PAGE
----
HO-1 plasma concentration increased significantly after OHCA and remained higher up to 4 days of observation compared with healthy individuals (admission 2.75 ng/mL; day 1 2.76 ng/mL; day 2 2.87 ng/mL; day 4 3.18 ng/mL vs. healthy controls 1.47 ng/mL; P < 0.0001 each; Supplemental Figure 1, Supplemental Digital Content 1, at No significant differences between time points after admission were observed. HO-1 concentration did not change markedly in individual patients over time.

HO-1 concentrations were significantly higher in 90-day non-survivors compared with survivors at admission (3.09 (2.34–4.13) ng/mL vs. 2.56 (2.09–3.20) ng/mL, P = 0.017) and day 1 (2.99 (2.35–4.11) ng/mL vs. 2.58 (1.97–3.49) ng/mL, P = 0.026) (Fig. 2). Admission HO-1 concentrations were also higher in patients with poor 12-month neurological outcome compared with good outcome (3.07 (2.22–4.14) ng/mL vs. 2.56 (2.09–3.20) ng/mL, P = 0.024) (Fig. 2). In addition, higher HO-1 levels at admission and day 1 correlated significantly with time to ROSC (Rho admission 0.256, P = 0.002; day 1 0.246, P = 0.003), APACHE II (Rho admission 0.212, P = 0.011; day 1 0.249, P = 0.003) and SAPS II (Rho admission 0.157, P = 0.062; day 1 0.191, P = 0.022) scores. We found no correlation between age, weight, creatinine levels, or other disease states and HO-1 concentrations.

Fig. 2:
Associations of admission and day 1 HO-1 concentrations with 90-mortality and poor 12-month neurological outcome (CPC 3-5).* = P < 0.05 compared with good outcome.

Predictive value of plasma HO-1

Admission plasma HO-1 levels had an AUC of 0.623 to predict 90-day mortality and an AUC of 0.611 to predict poor neurological outcome at 12 months. The corresponding AUC values of day 1 plasma HO-1 levels were 0.615 and 0.585 to predict 90-day mortality and poor neurological outcome. AUC values of SAPS II and SOFA were superior to HO-1 for predicting both mortality (SAPS II 0.765, SOFA 0.719) and poor neurological outcome (SAPS II 0.770, SOFA 0.702).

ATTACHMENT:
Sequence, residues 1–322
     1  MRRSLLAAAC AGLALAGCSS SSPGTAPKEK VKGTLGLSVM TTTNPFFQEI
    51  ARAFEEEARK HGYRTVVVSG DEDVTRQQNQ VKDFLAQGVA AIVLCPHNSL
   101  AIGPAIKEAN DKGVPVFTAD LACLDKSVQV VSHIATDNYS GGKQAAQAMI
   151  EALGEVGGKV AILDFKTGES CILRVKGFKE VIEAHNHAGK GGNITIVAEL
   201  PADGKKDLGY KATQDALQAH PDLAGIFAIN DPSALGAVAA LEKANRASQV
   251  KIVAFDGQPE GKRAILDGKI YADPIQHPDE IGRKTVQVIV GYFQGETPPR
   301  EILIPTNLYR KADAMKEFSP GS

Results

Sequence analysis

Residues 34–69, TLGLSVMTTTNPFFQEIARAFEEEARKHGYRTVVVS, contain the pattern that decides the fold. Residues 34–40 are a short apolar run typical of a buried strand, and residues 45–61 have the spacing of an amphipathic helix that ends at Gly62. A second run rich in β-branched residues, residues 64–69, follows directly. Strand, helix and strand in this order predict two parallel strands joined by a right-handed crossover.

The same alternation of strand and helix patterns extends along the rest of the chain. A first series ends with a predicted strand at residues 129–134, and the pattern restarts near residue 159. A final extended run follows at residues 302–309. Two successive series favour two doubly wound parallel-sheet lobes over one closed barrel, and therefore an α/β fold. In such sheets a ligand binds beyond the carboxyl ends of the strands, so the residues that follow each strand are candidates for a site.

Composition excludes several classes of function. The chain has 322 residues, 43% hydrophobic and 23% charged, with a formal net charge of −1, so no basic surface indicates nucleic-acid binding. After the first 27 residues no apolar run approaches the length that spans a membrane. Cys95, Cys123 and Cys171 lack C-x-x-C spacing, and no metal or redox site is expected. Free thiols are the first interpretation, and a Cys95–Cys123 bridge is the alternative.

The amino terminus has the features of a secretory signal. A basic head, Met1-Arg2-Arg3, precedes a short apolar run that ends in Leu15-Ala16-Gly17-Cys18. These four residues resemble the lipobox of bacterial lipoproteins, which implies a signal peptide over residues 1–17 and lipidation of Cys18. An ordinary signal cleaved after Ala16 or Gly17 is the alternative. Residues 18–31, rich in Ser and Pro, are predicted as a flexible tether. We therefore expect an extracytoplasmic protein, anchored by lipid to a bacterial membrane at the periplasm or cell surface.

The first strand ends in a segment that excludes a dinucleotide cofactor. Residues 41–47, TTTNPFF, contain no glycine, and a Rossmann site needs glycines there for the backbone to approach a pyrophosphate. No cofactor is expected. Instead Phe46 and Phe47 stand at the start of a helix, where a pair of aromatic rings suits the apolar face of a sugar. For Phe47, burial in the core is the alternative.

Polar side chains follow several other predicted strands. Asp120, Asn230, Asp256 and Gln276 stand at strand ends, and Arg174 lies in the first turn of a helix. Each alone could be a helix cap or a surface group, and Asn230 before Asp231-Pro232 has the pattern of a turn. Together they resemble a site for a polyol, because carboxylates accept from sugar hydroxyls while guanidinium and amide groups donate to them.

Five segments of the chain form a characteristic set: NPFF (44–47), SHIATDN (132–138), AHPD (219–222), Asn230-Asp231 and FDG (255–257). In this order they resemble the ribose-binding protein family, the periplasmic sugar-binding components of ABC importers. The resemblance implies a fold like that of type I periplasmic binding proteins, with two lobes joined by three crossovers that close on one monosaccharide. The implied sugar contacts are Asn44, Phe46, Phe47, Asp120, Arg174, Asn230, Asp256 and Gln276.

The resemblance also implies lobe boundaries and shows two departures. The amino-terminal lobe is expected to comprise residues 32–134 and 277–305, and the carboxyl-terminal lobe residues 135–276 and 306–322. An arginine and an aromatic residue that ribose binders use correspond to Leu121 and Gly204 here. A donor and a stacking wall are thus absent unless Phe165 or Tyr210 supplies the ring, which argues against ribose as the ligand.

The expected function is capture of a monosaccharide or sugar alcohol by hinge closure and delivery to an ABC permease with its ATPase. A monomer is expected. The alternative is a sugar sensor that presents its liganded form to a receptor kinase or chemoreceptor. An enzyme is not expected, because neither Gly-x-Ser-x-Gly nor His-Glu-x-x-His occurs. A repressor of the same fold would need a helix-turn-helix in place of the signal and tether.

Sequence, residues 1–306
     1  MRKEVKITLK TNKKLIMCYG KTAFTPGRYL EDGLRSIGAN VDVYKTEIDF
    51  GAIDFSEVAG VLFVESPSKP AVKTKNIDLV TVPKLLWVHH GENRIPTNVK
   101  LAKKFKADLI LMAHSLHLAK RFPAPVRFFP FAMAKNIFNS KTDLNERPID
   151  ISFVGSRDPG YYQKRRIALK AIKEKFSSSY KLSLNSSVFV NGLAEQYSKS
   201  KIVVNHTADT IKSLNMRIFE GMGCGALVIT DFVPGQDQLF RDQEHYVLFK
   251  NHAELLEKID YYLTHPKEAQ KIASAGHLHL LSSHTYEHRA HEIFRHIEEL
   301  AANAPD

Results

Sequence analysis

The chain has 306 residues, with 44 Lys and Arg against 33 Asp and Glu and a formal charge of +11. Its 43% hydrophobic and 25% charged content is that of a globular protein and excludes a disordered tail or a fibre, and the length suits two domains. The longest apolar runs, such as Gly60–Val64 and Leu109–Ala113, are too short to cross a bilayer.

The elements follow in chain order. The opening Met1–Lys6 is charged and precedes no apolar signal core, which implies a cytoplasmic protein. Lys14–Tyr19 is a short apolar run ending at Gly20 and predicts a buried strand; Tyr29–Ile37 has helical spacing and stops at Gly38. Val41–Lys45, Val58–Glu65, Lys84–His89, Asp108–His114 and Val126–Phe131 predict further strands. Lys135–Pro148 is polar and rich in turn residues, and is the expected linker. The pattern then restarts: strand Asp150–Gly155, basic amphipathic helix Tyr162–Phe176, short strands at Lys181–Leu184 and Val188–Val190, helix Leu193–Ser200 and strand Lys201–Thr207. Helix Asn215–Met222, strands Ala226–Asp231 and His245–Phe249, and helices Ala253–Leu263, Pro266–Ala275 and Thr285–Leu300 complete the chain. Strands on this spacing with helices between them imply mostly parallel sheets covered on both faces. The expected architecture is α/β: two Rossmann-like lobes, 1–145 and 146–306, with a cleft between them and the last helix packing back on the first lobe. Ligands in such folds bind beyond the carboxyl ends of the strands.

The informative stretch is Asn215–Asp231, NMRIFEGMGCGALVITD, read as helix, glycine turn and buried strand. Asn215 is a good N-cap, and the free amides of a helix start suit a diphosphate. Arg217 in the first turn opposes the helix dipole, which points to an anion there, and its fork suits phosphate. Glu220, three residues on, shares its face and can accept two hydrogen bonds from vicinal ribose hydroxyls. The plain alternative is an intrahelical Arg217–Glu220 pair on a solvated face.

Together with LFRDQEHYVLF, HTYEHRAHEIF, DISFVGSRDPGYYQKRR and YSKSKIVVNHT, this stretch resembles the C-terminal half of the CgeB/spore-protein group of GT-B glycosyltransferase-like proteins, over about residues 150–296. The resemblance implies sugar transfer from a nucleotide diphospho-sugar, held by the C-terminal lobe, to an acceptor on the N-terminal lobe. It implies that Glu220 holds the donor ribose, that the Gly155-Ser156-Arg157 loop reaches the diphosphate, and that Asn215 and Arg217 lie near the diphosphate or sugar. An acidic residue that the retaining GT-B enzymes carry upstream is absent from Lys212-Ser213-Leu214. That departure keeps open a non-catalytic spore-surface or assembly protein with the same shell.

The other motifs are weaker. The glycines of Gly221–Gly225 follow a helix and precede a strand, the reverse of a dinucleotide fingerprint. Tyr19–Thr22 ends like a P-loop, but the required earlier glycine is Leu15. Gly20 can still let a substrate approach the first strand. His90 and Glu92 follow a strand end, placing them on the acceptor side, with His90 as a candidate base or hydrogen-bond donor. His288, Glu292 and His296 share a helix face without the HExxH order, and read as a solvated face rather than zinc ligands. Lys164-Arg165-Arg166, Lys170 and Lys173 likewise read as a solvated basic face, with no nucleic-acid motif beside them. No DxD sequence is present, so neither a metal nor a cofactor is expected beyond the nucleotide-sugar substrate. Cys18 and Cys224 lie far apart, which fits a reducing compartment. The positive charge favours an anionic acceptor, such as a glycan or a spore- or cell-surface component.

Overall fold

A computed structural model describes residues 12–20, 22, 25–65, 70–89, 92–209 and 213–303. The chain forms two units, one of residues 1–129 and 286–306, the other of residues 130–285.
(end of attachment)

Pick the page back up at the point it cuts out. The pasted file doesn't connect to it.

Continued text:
The optimal cut-off values of admission and day 1 HO-1, and the diagnostic performance of HO-1 are shown in Table 2. In a multivariate logistic regression model factors included were age, time to ROSC, witnessed CA, APACHE II, and HO-1 concentration at admission or day 1 (Supplemental Table 1, Supplemental Digital Content 1, at In this model, age, time to ROSC, and APACHE II were independent predictors of both mortality and poor neurological outcome, whereas HO-1 was not an independent predictor of outcome. HO-1 did not significantly improve AUC when combined to other factors (mortality admission: AUC with HO-1 = 0.856 vs. AUC without HO-1 = 0.855, P = 0.985; mortality day 1: AUC with HO-1 = 0.857 vs. AUC without HO-1 = 0.855 P = 0.970; poor neurological outcome admission: AUC with HO-1 = 0.848 vs. AUC without HO-1 = 0.847, P = 0.984; poor neurological outcome day 1: AUC with HO-1 = 0.848 vs. AUC without HO-1 = 0.847, P = 0.984). The factors chosen to regression model had no significant interaction.

Table 2:
HO-1 diagnostic test evaluation

Kaplan–Meier survival curves according to quartiles (Q1–Q4) of admission HO-1 concentrations are shown in Figure 3. Mortality was significantly higher with higher HO-1 concentrations (Q1 vs. Q4 P = 0.046; Q2 vs. Q4 P = 0.007).

Fig. 3:
Kaplan–Meier survival curves for 90-day mortality according to quartiles of HO-1 concentration at admission (P < 0.05 between Q1 vs. Q4 and Q2 vs. Q4).(Q1 lowest, Q4 highest quartile).